Soldiers launched a major assault on a hideout of Islamic insurgents, killing 19 militants, including the regional emir, or leader, the Algerian press reported Monday.

Some 800 soldiers, police and communal guards, or government-armed militia, took part in the assault Sunday near Annaba, some 370 miles east of Algiers, the capital, according to the daily newspaper Liberte.

The group targeted was affiliated with the Salafist Group for Call and Combat, or GSPC, which has refused an amnesty offer put forth in a peace plan by President Abdelaziz Bouteflika that is meant to reconcile this nation divided by more than a dozen years of violence.

Liberte reported that the regional emir of the group, identified as Merouani, 40, was among those killed.

There was no official comment on the operation, and it was not known whether any troops also were killed. Algerian authorities rarely comment on military operations to snuff out the insurgency.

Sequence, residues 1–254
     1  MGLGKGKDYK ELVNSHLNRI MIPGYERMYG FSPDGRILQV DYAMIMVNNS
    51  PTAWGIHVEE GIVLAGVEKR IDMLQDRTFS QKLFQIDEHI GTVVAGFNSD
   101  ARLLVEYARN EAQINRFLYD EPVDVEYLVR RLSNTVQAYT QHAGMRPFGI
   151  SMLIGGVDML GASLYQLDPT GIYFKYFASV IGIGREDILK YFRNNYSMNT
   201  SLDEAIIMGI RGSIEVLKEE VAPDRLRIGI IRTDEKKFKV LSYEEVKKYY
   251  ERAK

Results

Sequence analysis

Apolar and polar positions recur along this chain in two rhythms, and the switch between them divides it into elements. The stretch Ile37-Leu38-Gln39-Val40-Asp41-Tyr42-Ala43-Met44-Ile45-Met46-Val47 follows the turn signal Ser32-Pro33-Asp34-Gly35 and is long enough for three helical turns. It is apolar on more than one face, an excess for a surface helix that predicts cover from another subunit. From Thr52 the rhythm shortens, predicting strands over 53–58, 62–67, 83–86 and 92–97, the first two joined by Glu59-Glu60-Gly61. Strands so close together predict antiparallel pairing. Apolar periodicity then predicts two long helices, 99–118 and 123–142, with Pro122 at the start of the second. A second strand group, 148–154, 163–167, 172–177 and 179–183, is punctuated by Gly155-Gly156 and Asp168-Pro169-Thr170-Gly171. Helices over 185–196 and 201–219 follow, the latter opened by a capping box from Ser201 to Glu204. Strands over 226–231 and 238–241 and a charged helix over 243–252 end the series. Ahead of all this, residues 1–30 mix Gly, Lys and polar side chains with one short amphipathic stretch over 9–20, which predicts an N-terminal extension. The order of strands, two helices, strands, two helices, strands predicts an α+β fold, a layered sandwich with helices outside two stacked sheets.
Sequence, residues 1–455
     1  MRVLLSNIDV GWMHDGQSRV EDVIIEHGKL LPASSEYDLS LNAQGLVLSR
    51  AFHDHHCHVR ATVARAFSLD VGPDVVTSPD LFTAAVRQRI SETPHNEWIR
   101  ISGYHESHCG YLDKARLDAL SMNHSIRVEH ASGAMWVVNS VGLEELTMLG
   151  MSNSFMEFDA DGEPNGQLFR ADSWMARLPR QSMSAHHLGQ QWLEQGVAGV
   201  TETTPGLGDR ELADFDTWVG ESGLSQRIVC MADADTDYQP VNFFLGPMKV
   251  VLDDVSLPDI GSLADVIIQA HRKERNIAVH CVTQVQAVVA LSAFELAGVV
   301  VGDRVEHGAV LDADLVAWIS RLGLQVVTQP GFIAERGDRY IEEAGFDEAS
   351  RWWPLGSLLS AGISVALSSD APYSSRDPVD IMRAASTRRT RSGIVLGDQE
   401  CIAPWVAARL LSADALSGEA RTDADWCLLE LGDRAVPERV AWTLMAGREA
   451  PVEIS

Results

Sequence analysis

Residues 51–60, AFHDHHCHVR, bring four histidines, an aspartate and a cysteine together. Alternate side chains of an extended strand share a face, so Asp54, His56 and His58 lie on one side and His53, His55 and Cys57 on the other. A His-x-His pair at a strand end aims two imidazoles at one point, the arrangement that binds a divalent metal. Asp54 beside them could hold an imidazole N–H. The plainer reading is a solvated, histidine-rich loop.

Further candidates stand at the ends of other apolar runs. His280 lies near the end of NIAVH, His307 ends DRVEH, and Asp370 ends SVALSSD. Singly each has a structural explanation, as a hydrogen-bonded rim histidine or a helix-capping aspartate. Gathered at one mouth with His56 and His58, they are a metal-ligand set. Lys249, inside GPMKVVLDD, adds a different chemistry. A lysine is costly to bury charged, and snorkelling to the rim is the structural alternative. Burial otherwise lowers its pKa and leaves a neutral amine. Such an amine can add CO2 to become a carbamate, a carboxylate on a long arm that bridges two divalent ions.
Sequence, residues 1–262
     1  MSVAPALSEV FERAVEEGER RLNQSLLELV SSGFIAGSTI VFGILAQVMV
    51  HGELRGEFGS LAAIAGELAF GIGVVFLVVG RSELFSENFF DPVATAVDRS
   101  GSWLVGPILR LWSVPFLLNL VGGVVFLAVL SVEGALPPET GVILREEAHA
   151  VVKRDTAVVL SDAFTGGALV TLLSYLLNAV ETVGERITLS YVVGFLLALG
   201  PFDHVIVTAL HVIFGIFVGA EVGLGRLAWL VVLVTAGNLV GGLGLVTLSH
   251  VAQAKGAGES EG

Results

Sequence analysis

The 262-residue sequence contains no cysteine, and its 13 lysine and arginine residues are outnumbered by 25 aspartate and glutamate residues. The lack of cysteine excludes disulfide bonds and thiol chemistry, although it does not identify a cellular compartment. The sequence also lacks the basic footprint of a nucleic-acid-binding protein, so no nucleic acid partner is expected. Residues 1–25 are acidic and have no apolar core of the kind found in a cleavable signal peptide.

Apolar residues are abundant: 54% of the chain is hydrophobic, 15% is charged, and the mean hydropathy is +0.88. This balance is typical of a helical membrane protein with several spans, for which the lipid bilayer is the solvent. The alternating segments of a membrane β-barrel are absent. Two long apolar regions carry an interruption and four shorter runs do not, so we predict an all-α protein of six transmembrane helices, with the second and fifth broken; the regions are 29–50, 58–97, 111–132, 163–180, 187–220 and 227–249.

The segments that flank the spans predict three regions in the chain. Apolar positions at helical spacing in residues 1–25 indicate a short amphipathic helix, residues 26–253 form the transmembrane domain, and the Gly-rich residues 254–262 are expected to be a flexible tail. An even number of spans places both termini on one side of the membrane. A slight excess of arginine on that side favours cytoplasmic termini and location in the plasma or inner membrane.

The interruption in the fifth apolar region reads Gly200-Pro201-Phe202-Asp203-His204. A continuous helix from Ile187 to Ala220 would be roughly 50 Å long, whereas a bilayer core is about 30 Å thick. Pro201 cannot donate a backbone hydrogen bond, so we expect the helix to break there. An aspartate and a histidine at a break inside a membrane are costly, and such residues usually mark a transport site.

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Intense bombing was carried out a day ahead of the assault on the hideout in the Edough Mont, newspapers said. Operations were continuing, with the army reportedly determined to clean up the region, papers said.

An estimated 150,000 people — Islamists, civilians, military — have died since the start of the insurgency in 1992, triggered by the army's decision to cancel legislative elections that an Islamic fundamentalist party was poised to win.

Sporadic violence continued despite a return to calm in cities and most regions.